How do I know if my applesauce canning experiment worked? Concerned I'll be giving folks botulism for the holidays

Inspired by a wonderful children's story about applesauce making, our family (including kids age 2 and 4) has been making weekly batches of applesauce throughout the fall and after reading a bit on canning we decided to make applesauce for our friends and family for the holidays. Yesterday we set up our "applesauce factory" and made 15 jars of sauce.

We had places to be so after we pulled the last jar out of the bath, we spread them on the counter to cool and left the house.

This morning I inspected the jars – trying to figure out how I would know if the canning process was successful. I screwed off the rings to see if the lids were tight – they all were.

But I noticed that:
1. Some jars had experienced a bit of leakage during the boiling process – I wiped away a small amount of applesauce from many lids. The lids did seem closed.
2. On a few jars the rings were on very tightly and I couldn’t open it easily and I decided not to try too hard for fear of breaking a seal.
So you know what we did: We sterilized the ball jars in the dishwasher and the lids in boiling water and then put the hot applesauce, fresh made, into the jars. I put the ball jar lids on – the lid and then the rings-- and then submerged the jars on their side (I didn’t have a tall enough pot) for 15 minutes in water as the directions state. I did a quick internet search which seemed to suggest that boiling on their side was OK – something I was nervous about.

Do you have any advice to offer to let me know if we got it right? I would hate it if I did something wrong and got everyone sick. Would also hate if I was hasty enough to do this without any expertise and have now wasted a lot of delicious applesauce…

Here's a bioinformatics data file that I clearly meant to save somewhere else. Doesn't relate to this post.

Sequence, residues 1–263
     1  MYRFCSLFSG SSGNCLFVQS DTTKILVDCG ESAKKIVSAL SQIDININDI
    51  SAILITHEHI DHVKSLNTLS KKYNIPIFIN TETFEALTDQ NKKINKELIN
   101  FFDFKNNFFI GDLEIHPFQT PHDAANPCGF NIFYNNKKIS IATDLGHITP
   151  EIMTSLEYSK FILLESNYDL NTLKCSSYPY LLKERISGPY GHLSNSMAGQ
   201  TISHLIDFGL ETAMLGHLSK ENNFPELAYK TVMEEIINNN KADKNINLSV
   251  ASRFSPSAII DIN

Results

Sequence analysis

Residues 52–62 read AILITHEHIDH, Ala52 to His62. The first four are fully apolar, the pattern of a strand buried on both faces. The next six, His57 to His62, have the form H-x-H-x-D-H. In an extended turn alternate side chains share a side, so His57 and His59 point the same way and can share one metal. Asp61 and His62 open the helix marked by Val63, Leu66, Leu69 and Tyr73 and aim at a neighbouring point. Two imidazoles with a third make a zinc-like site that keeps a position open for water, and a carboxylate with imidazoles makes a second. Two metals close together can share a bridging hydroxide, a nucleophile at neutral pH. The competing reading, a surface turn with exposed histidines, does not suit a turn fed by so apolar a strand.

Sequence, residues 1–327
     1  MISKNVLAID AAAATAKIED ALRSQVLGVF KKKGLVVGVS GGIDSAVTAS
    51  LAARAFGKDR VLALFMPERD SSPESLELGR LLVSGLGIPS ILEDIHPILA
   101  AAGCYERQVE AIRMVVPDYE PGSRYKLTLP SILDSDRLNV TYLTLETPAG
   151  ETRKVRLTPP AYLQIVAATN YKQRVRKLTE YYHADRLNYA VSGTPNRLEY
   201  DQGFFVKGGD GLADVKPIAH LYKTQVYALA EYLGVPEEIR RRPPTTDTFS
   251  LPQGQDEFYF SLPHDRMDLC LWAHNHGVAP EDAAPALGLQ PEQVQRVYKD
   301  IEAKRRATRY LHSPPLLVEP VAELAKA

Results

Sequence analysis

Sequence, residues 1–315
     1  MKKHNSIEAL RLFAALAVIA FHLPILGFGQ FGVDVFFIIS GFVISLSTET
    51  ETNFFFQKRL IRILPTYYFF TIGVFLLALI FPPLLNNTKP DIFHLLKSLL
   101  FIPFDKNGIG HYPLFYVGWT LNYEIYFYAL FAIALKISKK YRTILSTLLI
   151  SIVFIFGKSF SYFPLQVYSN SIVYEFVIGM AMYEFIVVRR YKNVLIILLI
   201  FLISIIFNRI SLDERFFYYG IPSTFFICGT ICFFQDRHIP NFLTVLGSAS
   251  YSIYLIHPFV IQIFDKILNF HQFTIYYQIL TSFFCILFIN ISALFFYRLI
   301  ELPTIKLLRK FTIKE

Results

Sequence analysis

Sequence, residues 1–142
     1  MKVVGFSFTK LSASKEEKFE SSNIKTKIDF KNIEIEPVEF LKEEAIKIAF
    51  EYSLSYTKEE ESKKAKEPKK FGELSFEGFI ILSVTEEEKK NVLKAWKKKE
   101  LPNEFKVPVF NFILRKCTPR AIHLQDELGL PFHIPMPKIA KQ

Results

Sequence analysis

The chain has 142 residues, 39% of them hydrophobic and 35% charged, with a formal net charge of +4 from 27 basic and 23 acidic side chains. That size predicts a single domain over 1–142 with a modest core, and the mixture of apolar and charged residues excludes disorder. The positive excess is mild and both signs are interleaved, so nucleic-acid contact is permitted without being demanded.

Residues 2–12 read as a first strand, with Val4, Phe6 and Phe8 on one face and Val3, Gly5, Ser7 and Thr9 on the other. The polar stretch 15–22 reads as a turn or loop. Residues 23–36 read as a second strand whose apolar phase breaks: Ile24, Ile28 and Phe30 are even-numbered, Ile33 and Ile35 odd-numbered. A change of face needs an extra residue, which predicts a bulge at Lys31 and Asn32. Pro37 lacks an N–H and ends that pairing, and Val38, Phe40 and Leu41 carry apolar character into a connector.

What to do??
Many many thanks!

  • Posted by: JenZ
  • December 11, 2011


Greenstuff December 12, 2011
I also think you're fine. There's no problem with processing canning jars lying on their sides rather than standing up straight. And I've seen the spewing issue and not had it affect my seals. But ... my own preference for preserving applesauce is to freeze it. I reserve canning for jams and jellies with lots more sugar than applesauce or pickled products with a lot of acid. Maybe I'm overly conservative, but if you have the freezer space, it's an option to consider.
Droplet December 11, 2011
Here are a few tips Jen: first when you say that you submerged the jars for 15 minutes in water, did you count 15 from the moment the whole thing came to a boil? If so, you did that right. I don't know what the capacity of your jars was but bringing it to a boil likely took another 30 minutes prior to counting time. Laying them on their side is ok, as long as they are fully submerged.The spewing problem is usually cause by not leaving enough head space. When things heat they expand and of there is not enough head space, the contents naturally tries to find a way out. Sometimes that can compromise on the quality of the seal if it is too much, and you might need to empty out those jars, rewash them, refill them and sterilise again. The best way to know if a jar has sealed successfully is to press on top of the lid. If it has, the lid would make no clicking sound and would be slightly indented. When the warm air leaves the jar during the cooling process, the seal is sucked in. Anothe useful thing to do when you are making applesauce for the purpose of canning is to add a bit extra lemon juice and sugar in balanced proportions, even if you don't normally do that when you are making small batches for immediate consumption, as both acids and sugar are natural preservatives and extend shelf life of canned products. Hope this helps.
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